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Climate Sensitivity Estimates and Corrections

You need to be careful in inferring climate sensitivity from observations.

Two climate sensitivity stories this week – both related to how careful you need to be before you can infer constraints from observational data. (You can brush up on the background and definitions here). Both cases – a “Brief Comment Arising” in Nature (that I led) and a new paper from Proistosescu and Huybers (2017) – examine basic assumptions underlying previously published estimates of climate sensitivity and find them wanting.

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  1. C. Proistosescu, and P.J. Huybers, "Slow climate mode reconciles historical and model-based estimates of climate sensitivity", Science Advances, vol. 3, pp. e1602821, 2017.

Nenana Ice Classic 2017

Filed under: — gavin @ 2 May 2017 - (Español)

As I’ve done for a few years, here is the updated graph for the Nenana Ice Classic competition, which tracks the break up of ice on the Tanana River near Nenana in Alaska. It is now a 101-year time series tracking the winter/spring conditions in that part of Alaska, and shows clearly the long term trend towards earlier break up, and overall warming.

2017 was almost exactly on trend – roughly one week earlier than the average break up date a century ago. There was a short NPR piece on the significance again this week, but most of the commentary from last year and earlier is of course still valid.

My shadow bet on whether any climate contrarian site will mention this dataset remains in play (none have since 2013 which was an record late year).

Model projections and observations comparison page

Filed under: — gavin @ 11 April 2017

We should have done this ages ago, but better late than never!

We have set up a permanent page to host all of the model projection-observation comparisons that we have monitored over the years. This includes comparisons to early predictions for global mean surface temperature from the 1980’s as well as more complete projections from the CMIP3 and CMIP5. The aim is to maintain this annually, or more often if new datasets or versions become relevant.

We are also happy to get advice on stylistic choices or variations that might make the graphs easier to comprehend or be more accurate – feel free to suggest them in the comments below (since the page itself will be updated over time, it doesn’t have comments associated with it).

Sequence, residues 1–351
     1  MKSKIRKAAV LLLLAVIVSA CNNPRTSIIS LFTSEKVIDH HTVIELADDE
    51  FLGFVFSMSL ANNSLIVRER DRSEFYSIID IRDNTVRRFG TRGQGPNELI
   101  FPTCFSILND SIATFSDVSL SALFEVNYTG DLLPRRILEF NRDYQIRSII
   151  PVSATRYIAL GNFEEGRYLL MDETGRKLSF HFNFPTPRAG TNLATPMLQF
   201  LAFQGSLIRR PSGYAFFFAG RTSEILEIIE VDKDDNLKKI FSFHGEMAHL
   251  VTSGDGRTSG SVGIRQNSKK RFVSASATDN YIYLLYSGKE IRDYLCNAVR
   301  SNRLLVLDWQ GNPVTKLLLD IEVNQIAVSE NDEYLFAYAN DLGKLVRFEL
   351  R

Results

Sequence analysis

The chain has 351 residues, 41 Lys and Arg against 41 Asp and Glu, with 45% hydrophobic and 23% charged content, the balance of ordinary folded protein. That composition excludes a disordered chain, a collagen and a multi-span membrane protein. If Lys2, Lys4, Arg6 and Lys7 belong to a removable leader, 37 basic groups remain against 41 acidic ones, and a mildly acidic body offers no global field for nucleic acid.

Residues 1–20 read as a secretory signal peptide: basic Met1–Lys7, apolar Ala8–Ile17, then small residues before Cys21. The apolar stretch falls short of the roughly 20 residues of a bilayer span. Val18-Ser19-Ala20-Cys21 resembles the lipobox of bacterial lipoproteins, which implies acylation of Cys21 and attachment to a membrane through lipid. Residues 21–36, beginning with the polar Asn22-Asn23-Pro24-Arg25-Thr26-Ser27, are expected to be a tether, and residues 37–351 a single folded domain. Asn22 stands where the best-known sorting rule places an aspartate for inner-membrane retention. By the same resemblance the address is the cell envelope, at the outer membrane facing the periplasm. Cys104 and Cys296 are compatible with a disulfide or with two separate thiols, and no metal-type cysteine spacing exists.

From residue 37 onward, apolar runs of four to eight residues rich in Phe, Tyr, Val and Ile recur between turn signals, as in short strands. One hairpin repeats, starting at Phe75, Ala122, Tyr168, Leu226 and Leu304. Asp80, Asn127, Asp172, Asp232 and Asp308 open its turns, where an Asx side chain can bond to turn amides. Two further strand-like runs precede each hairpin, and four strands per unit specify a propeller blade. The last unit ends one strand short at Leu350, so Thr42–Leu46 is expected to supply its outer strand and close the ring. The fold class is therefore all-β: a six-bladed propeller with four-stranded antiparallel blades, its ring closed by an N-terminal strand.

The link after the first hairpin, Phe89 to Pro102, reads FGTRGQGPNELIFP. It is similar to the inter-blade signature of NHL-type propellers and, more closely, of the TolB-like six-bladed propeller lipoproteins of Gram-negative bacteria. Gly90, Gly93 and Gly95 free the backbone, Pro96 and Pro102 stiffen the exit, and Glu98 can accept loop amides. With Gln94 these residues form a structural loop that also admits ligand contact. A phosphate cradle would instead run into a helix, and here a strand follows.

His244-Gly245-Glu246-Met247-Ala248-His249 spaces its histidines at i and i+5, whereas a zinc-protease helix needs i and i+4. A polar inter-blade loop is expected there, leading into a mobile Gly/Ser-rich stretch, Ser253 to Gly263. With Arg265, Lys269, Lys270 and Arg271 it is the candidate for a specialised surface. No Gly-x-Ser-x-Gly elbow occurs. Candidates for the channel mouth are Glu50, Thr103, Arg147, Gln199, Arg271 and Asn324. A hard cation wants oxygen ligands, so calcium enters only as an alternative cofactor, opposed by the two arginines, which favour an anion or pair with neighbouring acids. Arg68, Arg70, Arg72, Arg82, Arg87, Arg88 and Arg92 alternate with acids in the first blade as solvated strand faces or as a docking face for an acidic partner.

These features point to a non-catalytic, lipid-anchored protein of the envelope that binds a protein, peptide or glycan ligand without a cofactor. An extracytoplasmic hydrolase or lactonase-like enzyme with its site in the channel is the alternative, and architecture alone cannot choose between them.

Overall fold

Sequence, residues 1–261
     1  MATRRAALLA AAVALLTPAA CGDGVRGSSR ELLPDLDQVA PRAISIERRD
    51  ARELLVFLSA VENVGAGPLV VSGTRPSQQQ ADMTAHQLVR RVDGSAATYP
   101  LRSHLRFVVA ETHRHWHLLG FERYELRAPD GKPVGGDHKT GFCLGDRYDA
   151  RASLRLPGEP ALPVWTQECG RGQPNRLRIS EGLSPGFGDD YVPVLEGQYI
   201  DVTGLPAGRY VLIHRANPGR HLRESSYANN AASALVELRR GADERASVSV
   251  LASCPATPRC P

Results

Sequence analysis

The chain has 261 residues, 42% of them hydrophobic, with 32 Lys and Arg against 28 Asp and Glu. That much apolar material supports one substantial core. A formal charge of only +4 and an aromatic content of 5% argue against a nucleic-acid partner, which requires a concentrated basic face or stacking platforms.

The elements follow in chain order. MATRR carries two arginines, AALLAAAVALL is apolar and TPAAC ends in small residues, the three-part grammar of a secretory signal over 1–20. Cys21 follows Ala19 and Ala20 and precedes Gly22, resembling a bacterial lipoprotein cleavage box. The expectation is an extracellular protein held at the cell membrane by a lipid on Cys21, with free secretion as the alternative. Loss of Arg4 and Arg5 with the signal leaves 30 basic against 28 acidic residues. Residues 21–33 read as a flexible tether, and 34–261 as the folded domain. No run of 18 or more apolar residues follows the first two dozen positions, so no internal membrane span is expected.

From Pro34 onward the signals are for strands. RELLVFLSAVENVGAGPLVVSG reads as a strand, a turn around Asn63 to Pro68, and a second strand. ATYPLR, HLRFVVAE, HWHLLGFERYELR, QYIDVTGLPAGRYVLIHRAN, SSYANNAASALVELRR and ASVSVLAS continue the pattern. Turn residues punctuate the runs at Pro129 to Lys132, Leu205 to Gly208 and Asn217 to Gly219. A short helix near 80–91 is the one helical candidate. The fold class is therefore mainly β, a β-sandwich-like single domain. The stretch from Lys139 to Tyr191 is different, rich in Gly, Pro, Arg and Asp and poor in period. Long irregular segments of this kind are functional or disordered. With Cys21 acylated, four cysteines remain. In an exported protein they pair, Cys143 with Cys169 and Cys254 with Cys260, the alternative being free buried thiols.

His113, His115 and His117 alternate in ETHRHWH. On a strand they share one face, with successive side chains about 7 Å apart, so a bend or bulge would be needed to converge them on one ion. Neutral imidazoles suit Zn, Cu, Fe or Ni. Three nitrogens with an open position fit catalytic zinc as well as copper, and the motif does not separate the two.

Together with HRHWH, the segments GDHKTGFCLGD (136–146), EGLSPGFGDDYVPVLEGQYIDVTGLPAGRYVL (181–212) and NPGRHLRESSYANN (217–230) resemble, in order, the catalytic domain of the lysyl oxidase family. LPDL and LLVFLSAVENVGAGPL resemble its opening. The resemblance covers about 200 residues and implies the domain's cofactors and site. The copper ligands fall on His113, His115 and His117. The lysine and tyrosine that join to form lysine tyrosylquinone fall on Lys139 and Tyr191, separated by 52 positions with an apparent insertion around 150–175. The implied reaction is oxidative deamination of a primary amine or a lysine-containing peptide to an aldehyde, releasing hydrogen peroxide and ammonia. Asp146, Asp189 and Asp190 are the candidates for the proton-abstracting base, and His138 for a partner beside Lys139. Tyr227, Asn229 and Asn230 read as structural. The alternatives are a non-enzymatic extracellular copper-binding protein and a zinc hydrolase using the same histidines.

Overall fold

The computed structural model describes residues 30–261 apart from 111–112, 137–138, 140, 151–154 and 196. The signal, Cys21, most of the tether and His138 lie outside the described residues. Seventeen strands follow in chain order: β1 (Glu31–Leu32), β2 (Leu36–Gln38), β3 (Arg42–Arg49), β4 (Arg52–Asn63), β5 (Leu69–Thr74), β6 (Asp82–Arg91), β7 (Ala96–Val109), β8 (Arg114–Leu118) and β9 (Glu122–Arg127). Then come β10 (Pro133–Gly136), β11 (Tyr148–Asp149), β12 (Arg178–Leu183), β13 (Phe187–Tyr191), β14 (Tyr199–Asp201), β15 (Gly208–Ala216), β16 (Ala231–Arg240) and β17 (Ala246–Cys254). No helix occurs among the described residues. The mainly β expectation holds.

If there are additional comparisons you are aware of that you think would be useful to include, please point to the model and observational data set(s) and we’ll try and include that too. We should have the Arctic sea ice trends up shortly for instance.

What is the uncertainty in the Earth’s temperature rise?

Filed under: — group @ 11 April 2017

Guest commentary by Shaun Lovejoy (McGill University)

Below I summarize the key points of a new Climate Dynamics (CD) paper that I think opens up new perspectives on understanding and estimating the relevant uncertainties. The main message is that the primary sources of error and bias are not those that have been the subject of the most attention – they are not human in origin. The community seems to have done such a good job of handling the “heat island”, “cold park”, and diverse human induced glitches that in the end these make only a minor contribution to the final uncertainty. The reason of course, is the huge amount of averaging that is done to obtain global temperature estimates, this averaging essentially averages out most of the human induced noise.

Two tough sources of uncertainty remain: missing data and a poor definition of the space-time resolution; the latter leads to the key scale reduction factor. In spite of these large low frequency uncertainties, at centennial scales, they are still only about 13% of the IPCC estimated anthropogenic increase (with 90% certainty).